Tuesday February 25, 2020

Teenage Boys Use Humour, Irony and Banter to Navigate Social Media Content

For the study, published in Qualitative Research in Sport, Exercise and Health, researchers investigated how young boys use Instagram

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Teenage, Boys, Humour
Using humour and irony means that boys can still aspire to have gym bodies and be motivated by sport, exercise and healthy diets, but without the risk of being put down or ridiculed by their peers. Pixabay

Rather than being victims of online harms, such as an unhealthy body image obsession, teenage boys are able to use humour, irony and banter to navigate social media content, a new research found.

“The evidence from teenage boys indicated that you can be a gymlad if you’re ‘ripped’, with a toned gym body, but you can also use gymlad in an ironic way,” said study lead researcher Victoria Goodyear from University of Birmingham in the UK.

“Using humour and irony means that boys can still aspire to have gym bodies and be motivated by sport, exercise and healthy diets, but without the risk of being put down or ridiculed by their peers,” Goodyear said.

For the study, published in Qualitative Research in Sport, Exercise and Health, researchers investigated how young boys use Instagram, Snapchat and YouTube to learn about physical activity, diet and body image.

Teenage, Boys, Humour
The evidence from teenage boys indicated that you can be a gymlad if you’re ‘ripped’, with a toned gym body, but you can also use gymlad in an ironic way. Pixabay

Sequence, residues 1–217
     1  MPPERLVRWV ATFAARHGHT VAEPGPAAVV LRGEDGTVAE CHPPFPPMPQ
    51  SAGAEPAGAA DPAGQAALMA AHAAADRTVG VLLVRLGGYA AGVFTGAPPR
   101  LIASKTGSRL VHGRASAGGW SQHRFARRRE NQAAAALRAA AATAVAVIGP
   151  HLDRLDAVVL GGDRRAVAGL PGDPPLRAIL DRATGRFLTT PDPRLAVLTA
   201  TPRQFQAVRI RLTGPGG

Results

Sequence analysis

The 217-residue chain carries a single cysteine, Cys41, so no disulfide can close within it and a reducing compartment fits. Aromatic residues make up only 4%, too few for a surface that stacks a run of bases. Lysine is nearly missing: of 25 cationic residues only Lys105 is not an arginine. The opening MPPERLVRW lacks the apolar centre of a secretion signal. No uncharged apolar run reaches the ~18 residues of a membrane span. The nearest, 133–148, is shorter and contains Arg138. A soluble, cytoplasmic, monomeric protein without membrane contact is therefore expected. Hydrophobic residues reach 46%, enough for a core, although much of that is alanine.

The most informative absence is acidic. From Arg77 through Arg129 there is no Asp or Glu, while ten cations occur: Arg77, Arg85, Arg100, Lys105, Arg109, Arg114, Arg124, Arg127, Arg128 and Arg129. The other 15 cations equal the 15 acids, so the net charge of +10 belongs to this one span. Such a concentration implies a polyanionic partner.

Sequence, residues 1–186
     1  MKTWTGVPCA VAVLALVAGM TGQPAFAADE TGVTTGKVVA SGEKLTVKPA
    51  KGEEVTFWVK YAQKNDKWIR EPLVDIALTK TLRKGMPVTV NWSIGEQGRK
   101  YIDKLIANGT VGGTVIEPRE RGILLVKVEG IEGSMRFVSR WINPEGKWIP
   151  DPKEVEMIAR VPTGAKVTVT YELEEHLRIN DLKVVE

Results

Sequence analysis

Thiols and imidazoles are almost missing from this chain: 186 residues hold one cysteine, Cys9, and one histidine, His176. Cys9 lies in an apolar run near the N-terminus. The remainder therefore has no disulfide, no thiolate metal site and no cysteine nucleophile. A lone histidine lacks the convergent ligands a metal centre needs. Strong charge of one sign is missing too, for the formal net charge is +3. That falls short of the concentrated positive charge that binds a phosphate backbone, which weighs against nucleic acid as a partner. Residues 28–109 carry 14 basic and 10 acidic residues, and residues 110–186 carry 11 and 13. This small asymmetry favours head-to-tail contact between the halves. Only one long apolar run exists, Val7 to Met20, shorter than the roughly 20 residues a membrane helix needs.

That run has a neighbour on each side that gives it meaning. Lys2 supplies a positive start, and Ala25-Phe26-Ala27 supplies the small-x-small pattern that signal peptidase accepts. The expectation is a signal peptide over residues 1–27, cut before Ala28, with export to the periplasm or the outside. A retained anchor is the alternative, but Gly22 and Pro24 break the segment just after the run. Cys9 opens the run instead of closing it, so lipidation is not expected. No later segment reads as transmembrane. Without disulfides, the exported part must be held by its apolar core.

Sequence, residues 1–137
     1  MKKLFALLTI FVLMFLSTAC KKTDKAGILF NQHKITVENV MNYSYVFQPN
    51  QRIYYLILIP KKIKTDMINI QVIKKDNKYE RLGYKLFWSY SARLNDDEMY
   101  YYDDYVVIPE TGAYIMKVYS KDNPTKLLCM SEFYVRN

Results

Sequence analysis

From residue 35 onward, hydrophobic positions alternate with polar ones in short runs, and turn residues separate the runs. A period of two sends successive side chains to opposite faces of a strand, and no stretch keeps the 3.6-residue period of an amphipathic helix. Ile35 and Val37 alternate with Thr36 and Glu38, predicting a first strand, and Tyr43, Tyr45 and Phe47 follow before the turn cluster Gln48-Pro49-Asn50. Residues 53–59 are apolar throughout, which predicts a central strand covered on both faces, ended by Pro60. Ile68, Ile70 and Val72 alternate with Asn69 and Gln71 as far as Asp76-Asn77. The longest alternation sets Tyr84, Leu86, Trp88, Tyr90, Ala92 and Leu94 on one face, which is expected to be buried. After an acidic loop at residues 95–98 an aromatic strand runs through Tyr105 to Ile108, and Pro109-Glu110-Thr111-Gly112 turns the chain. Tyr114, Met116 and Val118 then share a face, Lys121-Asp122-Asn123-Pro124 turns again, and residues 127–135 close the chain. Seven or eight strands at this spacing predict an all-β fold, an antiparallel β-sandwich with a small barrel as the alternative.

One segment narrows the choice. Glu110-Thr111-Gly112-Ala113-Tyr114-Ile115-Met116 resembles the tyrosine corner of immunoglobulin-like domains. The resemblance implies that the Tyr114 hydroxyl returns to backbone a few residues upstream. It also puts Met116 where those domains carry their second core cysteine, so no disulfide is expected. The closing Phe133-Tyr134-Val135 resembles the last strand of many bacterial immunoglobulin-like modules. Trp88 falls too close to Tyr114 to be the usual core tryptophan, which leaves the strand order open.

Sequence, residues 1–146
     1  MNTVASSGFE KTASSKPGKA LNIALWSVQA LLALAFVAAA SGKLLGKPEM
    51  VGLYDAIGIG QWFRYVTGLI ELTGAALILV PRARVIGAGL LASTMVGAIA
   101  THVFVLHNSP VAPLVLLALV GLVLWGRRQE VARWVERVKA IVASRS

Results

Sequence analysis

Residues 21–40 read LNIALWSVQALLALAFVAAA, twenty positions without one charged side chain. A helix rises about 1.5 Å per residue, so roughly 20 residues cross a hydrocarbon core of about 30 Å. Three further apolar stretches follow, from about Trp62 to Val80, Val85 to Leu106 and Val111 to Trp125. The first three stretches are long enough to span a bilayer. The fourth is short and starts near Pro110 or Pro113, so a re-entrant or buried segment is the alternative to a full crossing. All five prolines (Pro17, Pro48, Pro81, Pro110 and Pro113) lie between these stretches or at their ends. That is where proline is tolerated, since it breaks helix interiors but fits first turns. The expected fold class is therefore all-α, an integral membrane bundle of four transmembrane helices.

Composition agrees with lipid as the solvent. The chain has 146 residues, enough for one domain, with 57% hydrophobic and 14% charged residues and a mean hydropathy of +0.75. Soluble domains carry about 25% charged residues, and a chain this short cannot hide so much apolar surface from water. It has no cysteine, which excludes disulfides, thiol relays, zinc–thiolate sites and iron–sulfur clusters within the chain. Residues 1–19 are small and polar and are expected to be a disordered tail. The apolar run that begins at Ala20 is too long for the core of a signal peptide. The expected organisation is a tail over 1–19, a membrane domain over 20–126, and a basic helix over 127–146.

Over a 12-month period, more than 1,300 teenage boys from 10 schools and from a range of socio-economic and ethnic backgrounds engaged a series of class activities, interviews, workshops and a survey.

In contrast to popular opinion, the study showed teenage boys were intelligent and critical users and generators of social media.

For example, they used irony, through hashtags like #gymlad to enable them to post selfies about their bodies in the gym without fear of ridicule, and within a context of acceptable banter.

The research highlights the need for adults – parents, carers and teachers – to try to better understand and empathise, rather than criticise how young people use social media.

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“We need to support adults to become more digitally literate, so they understand both the positive and the negative potential of social media,” Goodyear said.

“They can then help young people navigate these landscapes to produce positive health education outcomes.” (IANS)

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80% of Children Diagnosed With Cancer Do Not Survive Beyond Teenage: Study

Fighting a deadly disease like cancer at a tender age makes these young one real heroes; and such survivors teach this world the true meaning of challenging the adversary and emerging victorious

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Cancer
The World Health Organization's Global Childhood Cancer Initiative has set a global target to achieve 60 per cent survival rate among the children suffering from cancers by 2030. Pixabay